Being proactive (Habit 1) becomes much more powerful when connected and related to the other habits. The key to the habits is the power of their combined synergy and meaningful purpose. Leaving one habit out is like having a four-legged chair—when you remove one leg the chair is out of balance.
I just completed a speaking tour in Brazil, where I met and talked with many amazing, gracious people, who are profoundly committed to principle-centered living and service. One couple traveled over 15 hours with their baby to hear me speak. When they got there they were told that no babies were allowed in the hall. Not wanting to disappoint them, the organizers of the event offered to babysit their baby so they could attend the program. What a magnificent gesture and display of compassion and willingness to serve!
Another encounter also moved me and humbled me. I had the privilige of meeting with Dr. Ricardo Guimaraes who made great efforts to travel for the event. He is an eye doctor who years ago was in a bad airplane accident, where he risked his own life by pulling out passengers of the plane. As a result, Dr. Guimaraes suffered severe burns on his body with scars on many parts of his body that are still visible today. This experience caused him to have a total life change and he made the decision to be more service-oriented. He is now working with our FranklinCovey office in Brazil helping to develop The 7 Habits of Highly Effective Teens program to help the youth in Brazil. As I sat with Dr. Guimaraes, talking over lunch, I was so moved by his humility, courage, and willingness to serve.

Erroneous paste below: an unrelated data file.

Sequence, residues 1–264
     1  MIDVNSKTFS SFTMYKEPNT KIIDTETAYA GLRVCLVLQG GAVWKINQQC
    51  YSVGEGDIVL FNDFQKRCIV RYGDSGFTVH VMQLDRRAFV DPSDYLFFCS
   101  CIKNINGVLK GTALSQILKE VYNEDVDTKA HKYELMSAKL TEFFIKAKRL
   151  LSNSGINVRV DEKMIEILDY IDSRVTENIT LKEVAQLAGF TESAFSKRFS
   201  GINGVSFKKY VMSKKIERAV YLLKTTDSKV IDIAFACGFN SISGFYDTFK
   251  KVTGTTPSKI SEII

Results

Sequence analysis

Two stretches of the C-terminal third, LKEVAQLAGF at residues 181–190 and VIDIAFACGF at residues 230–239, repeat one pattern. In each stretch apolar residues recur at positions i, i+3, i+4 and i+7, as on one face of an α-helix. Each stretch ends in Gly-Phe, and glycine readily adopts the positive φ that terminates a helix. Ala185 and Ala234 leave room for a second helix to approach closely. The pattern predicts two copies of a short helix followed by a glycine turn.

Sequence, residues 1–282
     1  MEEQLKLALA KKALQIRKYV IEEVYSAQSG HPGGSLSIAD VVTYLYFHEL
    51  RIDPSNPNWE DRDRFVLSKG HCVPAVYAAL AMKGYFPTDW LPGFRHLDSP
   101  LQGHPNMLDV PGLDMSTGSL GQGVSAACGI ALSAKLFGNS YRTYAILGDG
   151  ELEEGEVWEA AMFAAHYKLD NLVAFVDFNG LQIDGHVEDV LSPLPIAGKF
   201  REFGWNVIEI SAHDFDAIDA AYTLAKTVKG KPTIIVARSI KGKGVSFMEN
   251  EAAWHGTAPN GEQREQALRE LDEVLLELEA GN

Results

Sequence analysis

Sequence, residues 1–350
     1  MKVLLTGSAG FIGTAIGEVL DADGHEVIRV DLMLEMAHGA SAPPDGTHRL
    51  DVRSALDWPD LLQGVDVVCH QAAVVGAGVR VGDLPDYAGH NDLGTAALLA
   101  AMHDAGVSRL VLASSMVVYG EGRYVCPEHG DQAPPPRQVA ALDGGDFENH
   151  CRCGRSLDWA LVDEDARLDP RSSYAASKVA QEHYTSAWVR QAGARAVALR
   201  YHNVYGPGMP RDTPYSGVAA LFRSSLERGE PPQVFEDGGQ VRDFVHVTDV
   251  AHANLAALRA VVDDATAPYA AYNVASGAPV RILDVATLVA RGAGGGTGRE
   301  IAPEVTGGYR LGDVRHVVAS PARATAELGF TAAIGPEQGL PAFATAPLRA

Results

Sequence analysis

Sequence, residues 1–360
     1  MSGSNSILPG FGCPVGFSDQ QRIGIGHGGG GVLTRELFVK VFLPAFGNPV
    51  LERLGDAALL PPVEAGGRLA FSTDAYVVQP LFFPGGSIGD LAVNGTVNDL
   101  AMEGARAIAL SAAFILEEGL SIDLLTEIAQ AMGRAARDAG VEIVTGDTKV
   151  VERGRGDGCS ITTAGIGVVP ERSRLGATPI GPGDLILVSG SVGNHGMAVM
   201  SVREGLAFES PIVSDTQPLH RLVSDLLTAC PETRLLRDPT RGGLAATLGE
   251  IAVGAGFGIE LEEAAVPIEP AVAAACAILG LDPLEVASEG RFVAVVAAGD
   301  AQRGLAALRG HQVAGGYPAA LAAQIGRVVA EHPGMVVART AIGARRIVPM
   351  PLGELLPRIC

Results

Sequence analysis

When we are willing to serve others, we find our voice and our greatest selves. I encourage each of you to find your voice, especially during this holiday season of Thanksgiving in the U.S.. It is is in giving that we receive life’s greatest blessings. Thank you for all that you do in your families, workplaces, and community!